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Sister Elizabeth KennyPrint Page Print this page

27-July-2014
27-July-2014

Photographs supplied by Ian Bevege

A memorial commemorates Elizabeth Kenny (1880 - 1952) who was an Australian nursing sister who became world famous for her revolutionary treatment of infantile paralysis or poliomyelitis (polio).

Her treatment involved the application of hot packs, and the exercising of the children`s limbs, at first passively and then with graduated active movements. Her theories were developed while working as a bush nurse and during her service as a nurse in World War One. She earned a reputation for helping patients that doctors considered hopeless cases.

Location

Address:The Strand, Townsville, 4810
State:QLD
Area:AUS
GPS Coordinates:Lat: -19.2525
Long: 146.818611
Note: GPS Coordinates are approximate.
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Details

Monument Type:Monument
Monument Theme:People
Sub-Theme:Medicine

Dedication

Front Inscription

Sister Kenny Memorial

Sister Elizabeth Kenny

Elizabeth Kenny (1880 - 1952) was an Australian nursing sister who became famous for her revolutionary treatment of infantile paralysis of poliomyelitis (polio).  The treatment involved the application of hot packs and the exercising of the child`s limbs, at first passively then with graduated active movements.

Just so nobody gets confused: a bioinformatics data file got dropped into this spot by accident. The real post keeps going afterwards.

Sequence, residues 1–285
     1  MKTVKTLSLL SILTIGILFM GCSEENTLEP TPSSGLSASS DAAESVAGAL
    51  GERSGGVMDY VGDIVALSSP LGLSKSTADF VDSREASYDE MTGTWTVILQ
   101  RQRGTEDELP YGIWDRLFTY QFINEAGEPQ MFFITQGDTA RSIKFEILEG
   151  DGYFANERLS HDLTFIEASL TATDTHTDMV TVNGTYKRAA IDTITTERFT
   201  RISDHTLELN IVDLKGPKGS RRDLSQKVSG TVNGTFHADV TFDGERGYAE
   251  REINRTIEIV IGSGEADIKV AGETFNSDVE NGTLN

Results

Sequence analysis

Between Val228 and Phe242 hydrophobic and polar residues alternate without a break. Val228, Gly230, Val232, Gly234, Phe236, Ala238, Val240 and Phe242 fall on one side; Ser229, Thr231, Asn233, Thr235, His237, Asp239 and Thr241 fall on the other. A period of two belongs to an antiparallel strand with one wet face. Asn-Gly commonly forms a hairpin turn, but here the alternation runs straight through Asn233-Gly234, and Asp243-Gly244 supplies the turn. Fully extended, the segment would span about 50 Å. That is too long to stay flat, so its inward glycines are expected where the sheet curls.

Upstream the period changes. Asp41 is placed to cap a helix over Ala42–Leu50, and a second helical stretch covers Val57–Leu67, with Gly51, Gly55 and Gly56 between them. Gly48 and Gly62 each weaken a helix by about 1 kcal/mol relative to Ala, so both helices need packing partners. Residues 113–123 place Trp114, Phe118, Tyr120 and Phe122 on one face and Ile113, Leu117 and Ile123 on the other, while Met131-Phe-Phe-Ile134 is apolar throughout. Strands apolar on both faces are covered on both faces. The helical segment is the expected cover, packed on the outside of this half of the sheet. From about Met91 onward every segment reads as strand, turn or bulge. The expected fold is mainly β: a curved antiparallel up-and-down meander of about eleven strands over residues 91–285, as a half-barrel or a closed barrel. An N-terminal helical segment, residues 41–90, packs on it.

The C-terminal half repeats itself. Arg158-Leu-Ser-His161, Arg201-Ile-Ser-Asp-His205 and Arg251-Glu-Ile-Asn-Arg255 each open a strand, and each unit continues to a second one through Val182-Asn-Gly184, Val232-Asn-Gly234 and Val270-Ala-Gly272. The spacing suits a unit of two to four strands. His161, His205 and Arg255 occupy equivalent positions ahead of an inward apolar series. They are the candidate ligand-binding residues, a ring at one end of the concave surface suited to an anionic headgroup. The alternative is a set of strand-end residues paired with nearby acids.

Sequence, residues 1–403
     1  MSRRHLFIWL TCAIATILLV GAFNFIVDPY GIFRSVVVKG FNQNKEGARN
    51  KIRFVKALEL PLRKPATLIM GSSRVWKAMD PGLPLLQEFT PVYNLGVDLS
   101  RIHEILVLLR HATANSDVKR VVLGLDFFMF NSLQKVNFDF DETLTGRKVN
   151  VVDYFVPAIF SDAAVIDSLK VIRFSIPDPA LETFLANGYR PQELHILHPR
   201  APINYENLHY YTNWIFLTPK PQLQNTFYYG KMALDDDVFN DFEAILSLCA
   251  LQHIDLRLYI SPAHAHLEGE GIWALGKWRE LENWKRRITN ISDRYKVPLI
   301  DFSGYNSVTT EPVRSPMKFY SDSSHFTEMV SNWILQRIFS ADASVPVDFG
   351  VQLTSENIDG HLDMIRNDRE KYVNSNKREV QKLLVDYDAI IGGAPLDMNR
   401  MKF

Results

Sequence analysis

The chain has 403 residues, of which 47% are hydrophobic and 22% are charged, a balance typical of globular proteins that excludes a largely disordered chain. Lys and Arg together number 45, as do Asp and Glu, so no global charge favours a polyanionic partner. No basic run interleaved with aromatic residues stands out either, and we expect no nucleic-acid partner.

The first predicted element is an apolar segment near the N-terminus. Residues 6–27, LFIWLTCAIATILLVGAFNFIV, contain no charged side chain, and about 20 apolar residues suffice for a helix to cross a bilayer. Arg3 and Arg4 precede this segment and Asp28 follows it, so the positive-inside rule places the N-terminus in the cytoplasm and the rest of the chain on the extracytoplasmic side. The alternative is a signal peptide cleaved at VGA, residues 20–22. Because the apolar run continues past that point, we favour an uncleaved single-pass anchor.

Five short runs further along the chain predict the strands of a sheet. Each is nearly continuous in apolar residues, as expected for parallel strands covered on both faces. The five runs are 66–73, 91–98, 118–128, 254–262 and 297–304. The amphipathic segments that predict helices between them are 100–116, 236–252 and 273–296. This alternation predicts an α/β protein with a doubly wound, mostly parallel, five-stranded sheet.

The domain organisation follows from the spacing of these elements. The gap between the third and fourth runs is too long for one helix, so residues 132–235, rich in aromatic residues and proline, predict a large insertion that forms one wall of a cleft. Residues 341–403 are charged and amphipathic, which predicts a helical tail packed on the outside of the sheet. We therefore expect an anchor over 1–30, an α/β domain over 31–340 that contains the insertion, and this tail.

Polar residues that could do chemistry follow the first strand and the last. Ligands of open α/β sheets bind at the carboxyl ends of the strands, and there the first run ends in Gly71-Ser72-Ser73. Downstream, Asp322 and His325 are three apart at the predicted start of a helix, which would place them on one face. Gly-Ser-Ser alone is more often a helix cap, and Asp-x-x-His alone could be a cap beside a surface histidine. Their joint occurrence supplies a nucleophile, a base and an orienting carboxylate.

Her theories developed while working as a bush nurse in World War I.  She earned a reputation for helping patients that doctors considered hopeless cases.  In 1933 she opened a free clinic in a suburban back yard in Townsville.  Parents carried out treatment under her guidance.

Doctors from Townsville Hospital noticed improvement in her patients and arranged for a scientific study of her work, which was inconclusive.  Parents of affected children continued to seek her help.  The Sister Kenny Experimental Muscle Re-education Clinic was established in Townsville in March 1934 in rooms at the rear of the Queen`s Hotel (now Ten television studies).  By 1936 Kenny Clinics were established in Brisbane, Toowoomba and Sydney.

In 1938 the Australian medical establishment subjected her work to a Medical Royal Commission, whose findings condemned her unorthodox procedures as `dangerous`, `damaging`, costly and cruel.  Undeterred, Sister Kenny went to the United States to America in 1939 with Queensland Government assistance.  Formal experiments there proved her teatments (sic) resulted in a much higher recovery rate than any other method.  Sister Elizabeth Kenny Institutes were then established throughout the United States.  Many innovative medicine were developed in these institutes.

Sister Kenny never forgot the support she received from the people of Townsville.  At the opening of the children`s playground in 1949 she commented "the people of this city have harboured a little candle which has spread its light throughout the world".

 

 

Source: MA
Monument details supplied by Monument Australia - www.monumentaustralia.org.au
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